Here are some lessons learned and tips from 350.org about making escalated actions bold and safe. These tips were learnt after an action in Brazil against fracking in 2015. These lessons have been shared with you through the 350.org Organising Story-telling Lab to help with planning for your next actions.
Case study – Brazil
What happened in Brazil?
On 7 October 2015, Brazil auctioned 266 parcels for fracking around the country.
Nicole and the coalition of Brazilian activists she’s involved with organised response actions. By the end, they were threatened with arrests, were bugged by security forces, and had their offices broken into.
How did they manage to do their action and what are some security precautions they made?
Let’s start by reviewing what they did.
The Activists’ Plan
The coalition had promised their base that at the auction they would have escalated actions. To prepare, the months leading up to that action were a series of actions in increasing frequency and size. By the time the auction was happening, people were ready for escalation and had the trust in the organisers.
For the auction they planned three distinct, mutually supportive actions. All of these actions would be at the same 5-star hotel as the auction. All carried some risk, but had a wide range. All fit with their movement’s confrontational but playful tone and each spoke to different people:
- Signs at the auction (low-risk where people would hold signs)
- Seminar for indigenous leaders (which served as educational and gave a way to connect with and support indigenous leadership) and seminar for rural unions and agriculture businessmen
- Fracking magicians (who would throw glitter and do magic tricks as disruption of the event)
Action 1 – Signs at the Auction
This was the lowest-risk action. It was not very disruptive: just holding signs.
They knew media would be heavily attending the action so this was about getting the message out to the public. To a lesser degree it was about sending a message to the oil companies attending.
Though the action was perfectly legal, they knew the Brazilian police may not act appropriately. The most likely scenario is that people would be kicked out of the meeting.
However, if worse was to happen, organizers put three people in the role of security for the action (including a 73-year-old). If anyone had any safety problems, they were designated to help out.
Among other precautions, they created a “safe word.” If the safe word was spoken, then everyone would meet at a particular room in the hotel – no questions asked. They had a second safe word which, if spoken, would have everyone meet at a second spot away from the hotel.
Action 2 – Indigenous Leaders Seminar
Because many Brazilians haven’t met or heard from indigenous leaders, this was a chance to allow indigenous people to tell their story about petro and petro-gas.
At first, the hotel did not want to let them in. The indigenous people came with arrows and bows and weapons. But, according to Brazilian law, nobody can touch them except federal police chief.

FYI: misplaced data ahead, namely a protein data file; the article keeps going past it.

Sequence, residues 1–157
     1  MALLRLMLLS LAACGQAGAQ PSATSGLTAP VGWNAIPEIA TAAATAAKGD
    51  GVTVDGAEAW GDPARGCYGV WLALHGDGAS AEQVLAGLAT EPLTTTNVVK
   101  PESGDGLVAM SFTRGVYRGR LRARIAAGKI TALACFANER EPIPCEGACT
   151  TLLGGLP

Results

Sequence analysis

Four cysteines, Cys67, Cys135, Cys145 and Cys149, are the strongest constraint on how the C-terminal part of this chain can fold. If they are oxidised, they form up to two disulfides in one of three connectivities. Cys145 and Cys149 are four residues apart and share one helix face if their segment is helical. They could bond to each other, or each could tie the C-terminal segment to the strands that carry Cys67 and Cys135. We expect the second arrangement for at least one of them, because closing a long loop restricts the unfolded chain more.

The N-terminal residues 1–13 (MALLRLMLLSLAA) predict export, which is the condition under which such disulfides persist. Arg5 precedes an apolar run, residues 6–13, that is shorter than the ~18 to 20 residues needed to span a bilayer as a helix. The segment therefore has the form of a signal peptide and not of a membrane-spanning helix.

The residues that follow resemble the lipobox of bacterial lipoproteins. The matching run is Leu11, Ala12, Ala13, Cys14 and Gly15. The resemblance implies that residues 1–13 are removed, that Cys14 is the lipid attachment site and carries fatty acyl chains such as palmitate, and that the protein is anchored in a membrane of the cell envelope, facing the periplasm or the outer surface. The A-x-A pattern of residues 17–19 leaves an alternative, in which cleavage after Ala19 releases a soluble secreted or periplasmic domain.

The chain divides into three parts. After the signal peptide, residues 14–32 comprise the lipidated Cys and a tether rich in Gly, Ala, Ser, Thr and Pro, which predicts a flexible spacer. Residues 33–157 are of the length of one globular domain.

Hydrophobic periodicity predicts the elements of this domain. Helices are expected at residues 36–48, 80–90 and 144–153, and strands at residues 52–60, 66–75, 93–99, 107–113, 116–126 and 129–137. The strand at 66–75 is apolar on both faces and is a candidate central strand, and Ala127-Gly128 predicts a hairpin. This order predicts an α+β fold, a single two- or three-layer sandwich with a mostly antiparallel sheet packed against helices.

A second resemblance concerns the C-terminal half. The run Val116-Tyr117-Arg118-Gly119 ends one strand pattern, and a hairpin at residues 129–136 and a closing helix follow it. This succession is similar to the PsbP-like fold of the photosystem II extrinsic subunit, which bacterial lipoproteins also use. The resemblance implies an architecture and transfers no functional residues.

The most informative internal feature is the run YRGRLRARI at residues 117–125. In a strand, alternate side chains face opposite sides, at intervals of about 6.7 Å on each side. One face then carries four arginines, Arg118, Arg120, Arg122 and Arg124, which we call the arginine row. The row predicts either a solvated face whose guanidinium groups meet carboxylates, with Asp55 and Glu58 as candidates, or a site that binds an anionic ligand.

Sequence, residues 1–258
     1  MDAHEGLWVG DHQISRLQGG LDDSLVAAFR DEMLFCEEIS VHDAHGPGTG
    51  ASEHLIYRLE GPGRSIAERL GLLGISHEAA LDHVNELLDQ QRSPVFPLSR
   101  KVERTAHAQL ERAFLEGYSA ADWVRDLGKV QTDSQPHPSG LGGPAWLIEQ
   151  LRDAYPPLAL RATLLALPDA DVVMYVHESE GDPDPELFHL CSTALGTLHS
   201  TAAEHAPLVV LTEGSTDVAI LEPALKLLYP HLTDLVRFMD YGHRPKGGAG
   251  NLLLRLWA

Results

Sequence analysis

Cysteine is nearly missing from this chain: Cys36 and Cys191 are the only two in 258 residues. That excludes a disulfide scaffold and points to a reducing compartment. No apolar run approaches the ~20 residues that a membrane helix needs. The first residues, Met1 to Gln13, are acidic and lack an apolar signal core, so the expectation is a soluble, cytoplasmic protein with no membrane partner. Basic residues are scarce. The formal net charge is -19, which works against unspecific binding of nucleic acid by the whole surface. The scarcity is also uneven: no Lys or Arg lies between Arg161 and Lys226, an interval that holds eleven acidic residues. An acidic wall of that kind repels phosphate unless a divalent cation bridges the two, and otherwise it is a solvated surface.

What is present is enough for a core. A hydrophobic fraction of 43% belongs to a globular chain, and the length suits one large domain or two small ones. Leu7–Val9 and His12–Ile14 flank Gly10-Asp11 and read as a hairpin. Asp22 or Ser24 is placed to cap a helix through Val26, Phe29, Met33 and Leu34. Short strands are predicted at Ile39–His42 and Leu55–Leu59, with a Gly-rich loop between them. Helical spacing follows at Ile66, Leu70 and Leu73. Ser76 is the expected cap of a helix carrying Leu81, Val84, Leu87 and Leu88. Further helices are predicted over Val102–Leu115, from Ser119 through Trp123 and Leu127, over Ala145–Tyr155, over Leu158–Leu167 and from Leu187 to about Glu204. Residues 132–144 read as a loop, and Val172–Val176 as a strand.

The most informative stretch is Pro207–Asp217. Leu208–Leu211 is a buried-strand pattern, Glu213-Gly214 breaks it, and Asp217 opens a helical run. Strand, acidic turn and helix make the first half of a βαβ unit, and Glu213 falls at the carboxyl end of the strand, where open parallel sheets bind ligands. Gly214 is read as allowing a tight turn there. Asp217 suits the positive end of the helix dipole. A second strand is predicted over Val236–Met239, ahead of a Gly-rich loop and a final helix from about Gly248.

The head of security team showed up. Juliano, the first name of the security team, argued with the hotel security: “This is an open event. If you prevent them from coming in, you are committing a crime.” He was very imposing and was filming everything with his cell phone.
Organisers had booked two seminar rooms at the hotel for the event. They also booked 4 rooms in the hotel. All this gave therm legitimacy to be at the hotel-so they couldn’t just be kicked out
Action 3 – Fracking Magic
This was the most creative-and also the most risky. The idea was people would be “fracking magicians” and perform at least one “magic trick.” This was classic disruption, but with a playful use of theatrics. Burning your water – it’s magic!
Each of the eight people who agreed to do this action would have a different task.
Nicole, for example, was prepared to throw glitter at the agency director.
Hours before they would do the action, federal police and security from the event stopped them. The police freely admitted to tapping their rooms. Police showed they had obtained the names and addresses of all the people in the action. They even played recording of the previous night’s meeting preparations.
As a gesture of “goodwill, if protesters agreed to not do the action, they would be allowed to speak before the auction committee-but during a break.
The organisers began a tough negotiation. Eventually, they got the auctioneers to agree to give them 15 minutes to speak (09 for indigenous leaders and 06 for the organizers of the action). Most significantly, their 15-minutes would open up the session. Because of Brazilian law, the tape cannot be edited which means their 15 minute talk against the industry is the first thing on the oil agency website and their words were broadcast live across the country.
Later, Nicole said the chief of security kept worrying: “Please don’t throw glitter”. For action, they did not.
9 Steps Organisers took to Make their Action Safe and Secure
You have already seen a number of steps the organisers took to make their action safe and secure. Here are a few others.
1. Get Lawyers – Good ones
Organisers brought in two high-profile human rights lawyers during the action. They paraded them around the hotel with big name tags
Security were noticeably intimidated by this and stepped back due to this.